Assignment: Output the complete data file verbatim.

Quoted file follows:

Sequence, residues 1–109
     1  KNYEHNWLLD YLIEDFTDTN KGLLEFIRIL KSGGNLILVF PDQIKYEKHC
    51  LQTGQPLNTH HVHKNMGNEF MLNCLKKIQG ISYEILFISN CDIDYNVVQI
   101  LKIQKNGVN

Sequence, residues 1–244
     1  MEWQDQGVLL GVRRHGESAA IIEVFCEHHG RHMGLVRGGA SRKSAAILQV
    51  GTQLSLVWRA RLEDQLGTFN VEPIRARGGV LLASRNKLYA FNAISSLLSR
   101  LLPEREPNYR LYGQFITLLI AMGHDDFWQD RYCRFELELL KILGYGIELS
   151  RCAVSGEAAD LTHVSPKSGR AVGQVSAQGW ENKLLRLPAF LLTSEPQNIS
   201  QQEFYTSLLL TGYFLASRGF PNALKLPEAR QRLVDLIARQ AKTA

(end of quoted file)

Sequence, residues 1–109
     1  KNYEHNWLLD YLIEDFTDTN KGLLEFIRIL KSGGNLILVF PDQIKYEKHC
    51  LQTGQPLNTH HVHKNMGNEF MLNCLKKIQG ISYEILFISN CDIDYNVVQI
   101  LKIQKNGVN

Sequence, residues 1–244
     1  MEWQDQGVLL GVRRHGESAA IIEVFCEHHG RHMGLVRGGA SRKSAAILQV
    51  GTQLSLVWRA RLEDQLGTFN VEPIRARGGV LLASRNKLYA FNAISSLLSR
   101  LLPEREPNYR LYGQFITLLI AMGHDDFWQD RYCRFELELL KILGYGIELS
   151  RCAVSGEAAD LTHVSPKSGR AVGQVSAQGW ENKLLRLPAF LLTSEPQNIS
   201  QQEFYTSLLL TGYFLASRGF PNALKLPEAR QRLVDLIARQ AKTA